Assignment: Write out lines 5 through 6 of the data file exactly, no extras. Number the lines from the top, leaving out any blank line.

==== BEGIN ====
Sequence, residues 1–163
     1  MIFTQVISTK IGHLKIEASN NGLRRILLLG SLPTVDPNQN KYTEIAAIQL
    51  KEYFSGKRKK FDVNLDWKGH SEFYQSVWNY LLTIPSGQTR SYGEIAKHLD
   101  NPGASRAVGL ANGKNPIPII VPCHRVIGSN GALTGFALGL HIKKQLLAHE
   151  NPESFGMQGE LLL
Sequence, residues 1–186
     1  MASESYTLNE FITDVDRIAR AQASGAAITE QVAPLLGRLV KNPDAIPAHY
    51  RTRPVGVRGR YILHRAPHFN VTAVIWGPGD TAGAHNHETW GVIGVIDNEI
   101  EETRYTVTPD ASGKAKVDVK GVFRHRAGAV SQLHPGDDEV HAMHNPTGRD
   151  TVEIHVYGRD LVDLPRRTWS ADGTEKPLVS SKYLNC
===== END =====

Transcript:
   151  NPESFGMQGE LLL
Sequence, residues 1–186